Rosette at the Court of the King Her Father
They were but two hours on the way, for the king's capital was only ten leagues from the farm. When Rosette arrived, she was surprised to see that she had to descend in a little, dirty court-yard, where a page attended her.
"Come, princess, I am commissioned to conduct you to your chamber."
"Can I not see the queen my mother?" asked Rosette, timidly.
"In two hours, princess, when they are assembled for dinner, you will see her. In the mean time you can dress."
Rosette followed the page, who led her through a long corridor, at the end of which was a narrow staircase. She ascended, slowly, after a long, long time arriving at another corridor where she entered the chamber destined for her. The queen had lodged Rosette in one of the servants' rooms. The little page placed Rosette's modest trunk in a corner and said, with an air of embarrassment,
"Pardon me, princess, for having led you into this chamber, so unworthy of you. The queen has disposed of all the other apartments for her guests, the kings, queens, princes and princesses. There was no other room vacant and——"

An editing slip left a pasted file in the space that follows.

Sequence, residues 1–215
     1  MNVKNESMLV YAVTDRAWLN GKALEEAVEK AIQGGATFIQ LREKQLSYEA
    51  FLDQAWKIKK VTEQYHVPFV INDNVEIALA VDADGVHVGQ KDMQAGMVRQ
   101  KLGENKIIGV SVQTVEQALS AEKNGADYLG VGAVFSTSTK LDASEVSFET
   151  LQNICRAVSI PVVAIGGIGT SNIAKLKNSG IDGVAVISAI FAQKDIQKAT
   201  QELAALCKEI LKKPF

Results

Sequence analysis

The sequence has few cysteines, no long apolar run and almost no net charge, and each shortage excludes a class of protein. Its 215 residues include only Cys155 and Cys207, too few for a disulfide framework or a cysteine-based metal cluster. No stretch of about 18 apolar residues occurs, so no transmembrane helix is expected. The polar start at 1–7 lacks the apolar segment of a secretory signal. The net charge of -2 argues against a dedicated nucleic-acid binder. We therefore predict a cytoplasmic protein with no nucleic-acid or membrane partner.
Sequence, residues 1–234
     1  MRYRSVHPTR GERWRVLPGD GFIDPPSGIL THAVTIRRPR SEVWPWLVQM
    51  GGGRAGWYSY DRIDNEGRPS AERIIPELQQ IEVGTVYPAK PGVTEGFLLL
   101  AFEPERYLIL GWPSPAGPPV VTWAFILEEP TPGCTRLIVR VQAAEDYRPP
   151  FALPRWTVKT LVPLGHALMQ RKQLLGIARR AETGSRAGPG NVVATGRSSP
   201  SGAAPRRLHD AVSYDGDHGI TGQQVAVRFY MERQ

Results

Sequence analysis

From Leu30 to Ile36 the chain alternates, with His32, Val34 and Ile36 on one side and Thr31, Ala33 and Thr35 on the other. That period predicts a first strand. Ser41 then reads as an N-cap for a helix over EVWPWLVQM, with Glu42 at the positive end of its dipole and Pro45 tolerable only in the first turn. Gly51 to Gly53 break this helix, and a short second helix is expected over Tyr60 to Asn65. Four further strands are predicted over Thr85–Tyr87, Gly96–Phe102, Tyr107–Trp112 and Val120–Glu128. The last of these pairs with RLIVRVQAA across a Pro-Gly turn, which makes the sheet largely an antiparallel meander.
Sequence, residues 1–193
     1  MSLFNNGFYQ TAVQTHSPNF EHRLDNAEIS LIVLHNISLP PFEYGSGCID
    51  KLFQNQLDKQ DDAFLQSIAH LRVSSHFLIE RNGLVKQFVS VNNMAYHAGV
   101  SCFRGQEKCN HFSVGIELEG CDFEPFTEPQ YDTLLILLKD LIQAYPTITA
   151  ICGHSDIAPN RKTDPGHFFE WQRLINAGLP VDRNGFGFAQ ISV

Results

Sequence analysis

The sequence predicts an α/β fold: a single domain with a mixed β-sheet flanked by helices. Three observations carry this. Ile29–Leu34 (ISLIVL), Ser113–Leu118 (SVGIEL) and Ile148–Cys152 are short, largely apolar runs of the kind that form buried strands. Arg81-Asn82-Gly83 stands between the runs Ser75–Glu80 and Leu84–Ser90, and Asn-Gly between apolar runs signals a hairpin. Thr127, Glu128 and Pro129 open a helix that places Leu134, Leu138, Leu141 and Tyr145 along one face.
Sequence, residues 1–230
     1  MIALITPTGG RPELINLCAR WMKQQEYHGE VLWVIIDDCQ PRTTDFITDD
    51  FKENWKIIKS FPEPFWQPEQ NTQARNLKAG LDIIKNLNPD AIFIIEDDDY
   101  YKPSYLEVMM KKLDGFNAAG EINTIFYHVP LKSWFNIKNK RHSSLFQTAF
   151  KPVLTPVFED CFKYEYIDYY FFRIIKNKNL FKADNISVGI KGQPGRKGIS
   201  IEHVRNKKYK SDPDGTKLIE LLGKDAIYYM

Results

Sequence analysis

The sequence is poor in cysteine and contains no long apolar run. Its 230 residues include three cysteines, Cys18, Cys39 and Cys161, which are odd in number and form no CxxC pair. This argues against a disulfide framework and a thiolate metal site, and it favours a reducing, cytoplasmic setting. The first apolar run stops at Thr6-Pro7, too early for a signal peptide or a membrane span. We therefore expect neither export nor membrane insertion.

"Well, well," said Rosette, smiling, "I shall not blame you. Besides, I shall be very comfortable."
"I will come for you, princess, to lead you to the king and queen at the proper hour."
"I will be ready," said Rosette, "adieu, pretty page."
Rosette now unpacked her trunk. Her heart was beating and swelling tumultuously. Sighing heavily, she drew out her robe of coarse cloth and the other articles of her toilette. Rosette was very adroit. She arranged her exquisite blonde hair most beautifully, with a pullet's feather and a band made of burrs. Her head-dress was indeed so charming that it made her a hundred times more lovely. When she had put on her shoes and stockings and her robe, what was her amazement to see that it was made of gold brocade, embroidered with rubies of marvellous beauty; her coarse heavy shoes were now white satin, adorned with buckles of one single ruby of wonderful splendour; her stockings were of silk and as fine as a spider's web; her necklace was of rubies surrounded with large diamonds; her bracelets of diamonds, the most splendid that had ever been seen.